Target(Legend of the Ir'Indicti,Book 3)(35) by Connie Suttle
"I know, Dad. I was just missing you and Mom."
"The move has been unsettling for everybody. I understand that. But we have to keep our good sense. Especially after Wynn's capture and the attempt on Mr. Winkler's life, not to mention Jackson's father, who is still hunting for his son, I'm sure. Don't make our jobs harder than they are already. Marcie allowed Jackson to work in the groves with the others, but only after Shirley promised security."
Ashe felt guilty. More guilty than he might have if his father had displayed anger. He was silent on the drive to Winkler's beach house after that. "I'm sorry, Mr. Winkler," Ashe hung his head when he walked into Winkler's kitchen, where Winkler and Trajan were having a cup of coffee.
"Oh, you'll get your punishment tomorrow, never fear. Just don't do it again. Did you think we'd say no if you wanted to see your parents? Ashe, I'm not that terrible. Until you see what I've got planned for you to do tomorrow, that is." Winkler's tight smile didn't reach his eyes, telling Ashe just how angry he really was. Anthony Hancock walked in. Ashe shifted uncomfortably.
"Running away? Not the smartest thing to do," Anthony Hancock pointed out.
"It's not running away if I go home, is it?" Ashe said before he thought.
"Ashe, be respectful," Adele said. She'd not said anything while Aedan and then Winkler had spoken with Ashe, but she offered Tony a hard stare while she admonished her son.
"I will. I'm sorry, Mr. Hancock."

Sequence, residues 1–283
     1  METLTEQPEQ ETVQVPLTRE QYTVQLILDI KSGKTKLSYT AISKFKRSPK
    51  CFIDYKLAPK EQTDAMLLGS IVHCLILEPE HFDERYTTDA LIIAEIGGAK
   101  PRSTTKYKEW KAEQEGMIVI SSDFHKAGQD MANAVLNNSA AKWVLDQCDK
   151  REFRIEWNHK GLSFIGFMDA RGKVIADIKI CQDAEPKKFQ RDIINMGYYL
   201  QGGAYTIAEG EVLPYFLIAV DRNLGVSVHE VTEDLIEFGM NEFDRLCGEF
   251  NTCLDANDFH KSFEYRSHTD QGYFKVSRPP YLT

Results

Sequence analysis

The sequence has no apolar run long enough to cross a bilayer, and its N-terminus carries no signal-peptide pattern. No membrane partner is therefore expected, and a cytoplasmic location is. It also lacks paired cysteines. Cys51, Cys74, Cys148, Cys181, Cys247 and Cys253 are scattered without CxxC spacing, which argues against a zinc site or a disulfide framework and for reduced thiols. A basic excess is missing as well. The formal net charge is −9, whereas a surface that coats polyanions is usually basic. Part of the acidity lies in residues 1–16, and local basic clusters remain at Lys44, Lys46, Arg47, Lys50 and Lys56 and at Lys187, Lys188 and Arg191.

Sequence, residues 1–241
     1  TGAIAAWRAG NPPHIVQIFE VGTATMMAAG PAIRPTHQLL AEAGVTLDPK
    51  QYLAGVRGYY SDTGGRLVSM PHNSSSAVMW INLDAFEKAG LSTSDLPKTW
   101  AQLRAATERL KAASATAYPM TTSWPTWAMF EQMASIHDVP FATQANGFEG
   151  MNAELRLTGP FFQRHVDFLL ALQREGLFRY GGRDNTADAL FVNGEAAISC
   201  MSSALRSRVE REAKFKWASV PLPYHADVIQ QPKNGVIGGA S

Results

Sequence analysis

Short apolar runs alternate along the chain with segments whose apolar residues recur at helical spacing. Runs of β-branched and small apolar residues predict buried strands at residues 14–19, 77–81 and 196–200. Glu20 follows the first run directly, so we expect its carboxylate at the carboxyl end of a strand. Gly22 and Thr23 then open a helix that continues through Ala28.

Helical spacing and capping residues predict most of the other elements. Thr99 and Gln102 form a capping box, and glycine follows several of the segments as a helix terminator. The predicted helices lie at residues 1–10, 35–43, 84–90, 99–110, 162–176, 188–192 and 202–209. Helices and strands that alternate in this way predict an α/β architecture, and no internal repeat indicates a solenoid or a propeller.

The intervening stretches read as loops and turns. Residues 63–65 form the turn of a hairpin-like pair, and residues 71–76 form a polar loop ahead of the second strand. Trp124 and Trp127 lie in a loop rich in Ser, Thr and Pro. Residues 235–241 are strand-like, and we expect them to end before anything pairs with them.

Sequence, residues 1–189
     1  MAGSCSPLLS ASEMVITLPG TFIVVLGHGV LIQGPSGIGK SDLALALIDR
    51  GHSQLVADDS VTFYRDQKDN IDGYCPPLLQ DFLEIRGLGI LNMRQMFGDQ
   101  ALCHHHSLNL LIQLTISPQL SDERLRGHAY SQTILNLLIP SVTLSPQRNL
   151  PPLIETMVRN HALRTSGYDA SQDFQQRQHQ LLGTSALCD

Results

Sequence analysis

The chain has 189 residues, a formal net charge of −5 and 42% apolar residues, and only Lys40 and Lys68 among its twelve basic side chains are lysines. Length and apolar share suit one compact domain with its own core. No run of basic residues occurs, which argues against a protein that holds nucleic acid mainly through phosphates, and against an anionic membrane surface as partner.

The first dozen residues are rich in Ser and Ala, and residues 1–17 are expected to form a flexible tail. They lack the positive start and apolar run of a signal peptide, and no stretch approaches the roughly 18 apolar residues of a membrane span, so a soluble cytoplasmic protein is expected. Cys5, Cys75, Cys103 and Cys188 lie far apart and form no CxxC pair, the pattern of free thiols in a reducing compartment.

"That's Rockland. Get it right, kid." Tony stalked out of the kitchen.
"Get in bed, Ashe. Since you've already had dinner," Winkler instructed. Ashe, grateful to leave the tension-filled kitchen, had to force himself not to run for the stairs.
"Dude, why didn't you tell me you came home?" Sali hissed into his cell phone. Ashe, feeling brutalized over the incident, called his best friend.
"Sal, I should have asked," Ashe admitted reluctantly. "I just wanted to go home and have dinner with Mom. Like normal. Marco left to take Cori out to eat, and nobody else was available to go run on the beach, so I took off." Ashe wasn't about to tell Sali how he'd gotten home, just that he had. Let Sali think he'd borrowed one of Mr. Winkler's vehicles. He'd had his license for nearly a month and hadn't gotten to use it once.
"Dude, was your mom's meatloaf worth getting into trouble over?"
"We're replacing the lines for the sprinklers, that's why," a werewolf lawn and garden expert had been hired to work on the sprinkler lines in Winkler's flowerbeds surrounding the beach house. Ashe was digging narrow trenches after raking back mulch and ground cover around short, squatty palm trees and tropical flower bushes.
Sweat dripped off his nose and into his eyes in the muggy morning air as the werewolf showed him where and how to dig the trench. Trajan had already worked him hard in the weight room, and then Marco had forced him to run farther and faster than normal down the beach. Without allowing Ashe to clean up before breakfast, Winkler sent him out to help dig trenches for sprinkler pipes after he ate. Jimmy had cast a glance at Ashe now and then but didn't say anything while serving up ham, eggs and biscuits. Then, to cap it off, Winkler had taken Ashe's cell phone before sending him out to do manual labor.